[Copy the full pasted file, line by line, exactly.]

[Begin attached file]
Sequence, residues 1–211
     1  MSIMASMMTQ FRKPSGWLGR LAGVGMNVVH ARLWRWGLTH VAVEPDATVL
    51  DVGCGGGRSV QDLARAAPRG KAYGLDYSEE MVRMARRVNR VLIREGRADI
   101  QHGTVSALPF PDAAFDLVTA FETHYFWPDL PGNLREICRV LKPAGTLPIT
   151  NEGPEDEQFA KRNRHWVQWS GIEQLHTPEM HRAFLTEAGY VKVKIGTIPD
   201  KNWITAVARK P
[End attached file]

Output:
Sequence, residues 1–211
     1  MSIMASMMTQ FRKPSGWLGR LAGVGMNVVH ARLWRWGLTH VAVEPDATVL
    51  DVGCGGGRSV QDLARAAPRG KAYGLDYSEE MVRMARRVNR VLIREGRADI
   101  QHGTVSALPF PDAAFDLVTA FETHYFWPDL PGNLREICRV LKPAGTLPIT
   151  NEGPEDEQFA KRNRHWVQWS GIEQLHTPEM HRAFLTEAGY VKVKIGTIPD
   201  KNWITAVARK P